I tend to disagree with everything Adam Kirsch says; even if he’s telling a story about his own life, I have a hunch that he’s lying. It all just sounds false to me, especially his poetry. This article, sent on my @prufrocknews is no exception; especially this bit:
It was at a party in early 2002, a few months after the Sept. 11 attacks, that I first heard someone declare, as if it was self-evident, that the George W. Bush Administration was fascist. The accusation refuted itself, of course—people living under a fascist regime don’t go around loudly attacking the regime at parties—but it was symptomatic of the times. Post-Sept. 11 paranoia took many forms, and one of them was paranoia about the American government (and not just in “truther” circles).
I hate the “of course” because it’s a verbal arrogance to which I’m prone as well. It presumes that what one is saying is evident to any thinking person, which Kirsch’s claim here is not. “People living under a fascist regime don’t go around loudly attacking the regime at parties” he pronounces, settling the argument in a way somehow both definitive and obvious. I don’t know what kind of parties Kirsch attends, but, actually yes, they do. There is not now, nor has there ever been, a fascist/totalitarian regime so powerful that no person at no party would dare criticize it. Not Stalin, not Mao, not Ayatolah Komeni, not Bush. And there has especially never been a regime structured such that the presence of criticism ceased to make it fascist. Insufficiently in control, perhaps. A government can control many things, can limit press and squash dissent but only when that dissent is sufficiently public.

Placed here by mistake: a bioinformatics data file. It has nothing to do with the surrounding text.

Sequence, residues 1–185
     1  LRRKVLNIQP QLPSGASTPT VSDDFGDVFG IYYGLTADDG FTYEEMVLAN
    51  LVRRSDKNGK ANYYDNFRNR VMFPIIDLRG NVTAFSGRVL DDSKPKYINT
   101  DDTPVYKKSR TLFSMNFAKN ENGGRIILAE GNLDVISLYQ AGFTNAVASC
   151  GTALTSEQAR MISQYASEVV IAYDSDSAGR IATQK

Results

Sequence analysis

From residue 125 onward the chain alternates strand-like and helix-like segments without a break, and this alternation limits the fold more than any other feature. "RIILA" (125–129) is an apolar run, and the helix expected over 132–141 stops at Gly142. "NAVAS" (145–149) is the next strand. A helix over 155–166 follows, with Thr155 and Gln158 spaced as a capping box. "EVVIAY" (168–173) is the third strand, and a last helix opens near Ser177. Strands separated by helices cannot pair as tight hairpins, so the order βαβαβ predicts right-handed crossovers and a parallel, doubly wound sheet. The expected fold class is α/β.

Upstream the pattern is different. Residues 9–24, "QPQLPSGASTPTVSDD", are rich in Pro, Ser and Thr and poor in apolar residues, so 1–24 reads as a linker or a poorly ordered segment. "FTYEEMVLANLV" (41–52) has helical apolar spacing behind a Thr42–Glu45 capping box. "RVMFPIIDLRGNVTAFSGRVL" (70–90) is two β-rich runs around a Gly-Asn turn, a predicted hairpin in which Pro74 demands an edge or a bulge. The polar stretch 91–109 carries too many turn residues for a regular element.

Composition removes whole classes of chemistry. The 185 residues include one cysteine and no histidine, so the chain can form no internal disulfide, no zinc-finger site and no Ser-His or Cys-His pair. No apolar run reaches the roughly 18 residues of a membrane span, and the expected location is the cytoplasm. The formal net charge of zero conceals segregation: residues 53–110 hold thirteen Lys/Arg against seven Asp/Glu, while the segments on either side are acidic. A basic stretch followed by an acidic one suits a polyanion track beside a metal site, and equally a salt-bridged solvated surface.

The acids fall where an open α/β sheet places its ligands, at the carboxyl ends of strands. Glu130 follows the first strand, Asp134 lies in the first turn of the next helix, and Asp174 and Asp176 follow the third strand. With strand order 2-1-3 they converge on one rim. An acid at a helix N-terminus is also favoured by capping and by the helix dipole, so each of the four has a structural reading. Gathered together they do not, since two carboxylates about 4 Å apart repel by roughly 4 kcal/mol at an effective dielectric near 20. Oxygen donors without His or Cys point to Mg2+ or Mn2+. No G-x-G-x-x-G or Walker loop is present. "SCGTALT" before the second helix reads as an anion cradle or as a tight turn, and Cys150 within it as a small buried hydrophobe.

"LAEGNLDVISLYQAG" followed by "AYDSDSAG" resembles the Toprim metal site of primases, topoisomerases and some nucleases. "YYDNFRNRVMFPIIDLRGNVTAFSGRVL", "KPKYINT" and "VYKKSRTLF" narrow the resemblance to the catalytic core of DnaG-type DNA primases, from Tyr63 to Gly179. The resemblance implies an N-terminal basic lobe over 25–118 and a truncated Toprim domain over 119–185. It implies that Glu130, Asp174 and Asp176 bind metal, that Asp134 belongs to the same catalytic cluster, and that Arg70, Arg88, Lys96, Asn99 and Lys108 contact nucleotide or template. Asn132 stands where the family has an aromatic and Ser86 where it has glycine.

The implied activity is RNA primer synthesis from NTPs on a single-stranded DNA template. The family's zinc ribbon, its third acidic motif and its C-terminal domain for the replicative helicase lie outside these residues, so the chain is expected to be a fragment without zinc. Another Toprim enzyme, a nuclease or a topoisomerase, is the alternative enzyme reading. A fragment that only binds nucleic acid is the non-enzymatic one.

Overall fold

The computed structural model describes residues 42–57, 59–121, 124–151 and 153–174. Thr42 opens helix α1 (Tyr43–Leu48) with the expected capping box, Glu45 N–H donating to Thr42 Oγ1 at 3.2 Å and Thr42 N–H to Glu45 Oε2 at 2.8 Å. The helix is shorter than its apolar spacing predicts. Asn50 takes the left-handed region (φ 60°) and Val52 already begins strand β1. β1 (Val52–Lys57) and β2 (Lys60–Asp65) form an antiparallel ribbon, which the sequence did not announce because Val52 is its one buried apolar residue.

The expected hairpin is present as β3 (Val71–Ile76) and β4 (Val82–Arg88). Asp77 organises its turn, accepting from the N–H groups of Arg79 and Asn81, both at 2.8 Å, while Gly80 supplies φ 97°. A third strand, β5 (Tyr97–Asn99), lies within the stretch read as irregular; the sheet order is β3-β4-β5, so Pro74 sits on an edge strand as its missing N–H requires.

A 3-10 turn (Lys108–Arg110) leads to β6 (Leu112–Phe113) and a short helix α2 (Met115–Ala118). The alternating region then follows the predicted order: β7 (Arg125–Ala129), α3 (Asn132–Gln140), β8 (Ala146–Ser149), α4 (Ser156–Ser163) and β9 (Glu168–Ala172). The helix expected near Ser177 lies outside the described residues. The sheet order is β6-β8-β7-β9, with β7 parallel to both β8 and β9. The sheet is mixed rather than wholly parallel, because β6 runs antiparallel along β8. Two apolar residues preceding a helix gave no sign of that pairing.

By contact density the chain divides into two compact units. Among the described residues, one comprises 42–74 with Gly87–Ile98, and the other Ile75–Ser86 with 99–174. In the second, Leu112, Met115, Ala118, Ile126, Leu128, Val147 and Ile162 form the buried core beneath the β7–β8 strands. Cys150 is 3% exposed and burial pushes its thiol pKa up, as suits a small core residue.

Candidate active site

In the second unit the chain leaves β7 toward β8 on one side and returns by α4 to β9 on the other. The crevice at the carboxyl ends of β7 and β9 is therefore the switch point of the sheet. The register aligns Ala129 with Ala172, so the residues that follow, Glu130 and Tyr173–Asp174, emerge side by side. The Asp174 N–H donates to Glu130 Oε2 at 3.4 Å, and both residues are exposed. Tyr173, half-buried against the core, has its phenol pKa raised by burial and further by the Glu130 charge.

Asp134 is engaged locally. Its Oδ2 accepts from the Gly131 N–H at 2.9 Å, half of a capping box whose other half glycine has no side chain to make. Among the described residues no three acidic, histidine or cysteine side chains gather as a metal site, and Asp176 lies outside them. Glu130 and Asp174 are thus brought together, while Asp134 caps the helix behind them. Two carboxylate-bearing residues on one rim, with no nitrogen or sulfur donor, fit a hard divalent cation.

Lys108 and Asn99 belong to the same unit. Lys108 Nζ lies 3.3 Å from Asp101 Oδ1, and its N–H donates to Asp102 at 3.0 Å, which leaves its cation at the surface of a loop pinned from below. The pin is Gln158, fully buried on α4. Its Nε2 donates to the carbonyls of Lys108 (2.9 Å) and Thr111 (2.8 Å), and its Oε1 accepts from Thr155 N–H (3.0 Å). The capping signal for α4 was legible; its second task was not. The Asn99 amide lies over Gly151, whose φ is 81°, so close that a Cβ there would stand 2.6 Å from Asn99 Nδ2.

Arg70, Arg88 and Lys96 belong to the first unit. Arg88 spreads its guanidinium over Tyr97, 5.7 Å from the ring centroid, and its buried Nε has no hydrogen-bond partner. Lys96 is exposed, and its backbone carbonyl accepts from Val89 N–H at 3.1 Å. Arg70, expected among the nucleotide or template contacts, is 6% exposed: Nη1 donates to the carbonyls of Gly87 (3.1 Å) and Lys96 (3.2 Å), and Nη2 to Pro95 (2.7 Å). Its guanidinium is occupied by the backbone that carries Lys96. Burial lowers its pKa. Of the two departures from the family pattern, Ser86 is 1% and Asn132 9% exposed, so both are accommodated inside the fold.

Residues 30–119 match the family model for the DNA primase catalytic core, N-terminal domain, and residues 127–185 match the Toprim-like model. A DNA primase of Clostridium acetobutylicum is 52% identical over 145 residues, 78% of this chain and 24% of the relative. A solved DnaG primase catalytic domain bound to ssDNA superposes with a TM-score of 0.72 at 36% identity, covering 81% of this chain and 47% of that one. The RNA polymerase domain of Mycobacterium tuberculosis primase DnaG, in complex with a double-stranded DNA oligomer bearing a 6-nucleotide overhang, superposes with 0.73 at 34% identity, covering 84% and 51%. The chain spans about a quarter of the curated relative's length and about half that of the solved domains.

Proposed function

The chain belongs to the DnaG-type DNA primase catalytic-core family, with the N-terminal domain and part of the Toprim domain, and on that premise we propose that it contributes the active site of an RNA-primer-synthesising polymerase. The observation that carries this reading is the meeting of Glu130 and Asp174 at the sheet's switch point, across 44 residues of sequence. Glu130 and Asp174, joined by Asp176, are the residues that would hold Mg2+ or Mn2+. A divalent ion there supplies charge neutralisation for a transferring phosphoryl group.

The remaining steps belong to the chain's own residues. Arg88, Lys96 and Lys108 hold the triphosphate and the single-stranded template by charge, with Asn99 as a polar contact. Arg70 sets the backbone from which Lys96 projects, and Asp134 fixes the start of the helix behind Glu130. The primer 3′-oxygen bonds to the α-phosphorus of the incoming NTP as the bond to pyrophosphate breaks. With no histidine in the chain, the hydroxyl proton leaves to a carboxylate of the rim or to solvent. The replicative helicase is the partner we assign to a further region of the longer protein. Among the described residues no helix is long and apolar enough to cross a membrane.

Fascist governments are those which seek to enforce conservative values and behavior norms and engage in–to greater or lesser degrees, depending on the totality of their power–governmental suppression of individual freedom. You can read the Bush administration as having done such things or not, but it is not obvious that they did not. Pretty fair cases have been made that, on dozens of occasions, they sought to enforce certain behavior norms, and to limit personal freedom in the name of conservative values. Critics of the administration were fired from their jobs, scientists who suggested alternative theories about climate change were denied grants and subject to derision, an undercover agent was apparently outed (and could have been killed) for disagreeing with the march to war, and a group of pop singers who criticized the president was publicly tarred and feathered, threatened with death, and radio stations that played their music with boycotts, to cite some of the memorable, if not the most egregious, examples.
Unfavorable estimates of Bush’s tenure abound; the people who hold them may be, but are not necessarily,as Kirsch claims they are, “paranoid,” or “symptomatic,” or sick. They just disagree with you. Mmm…kay?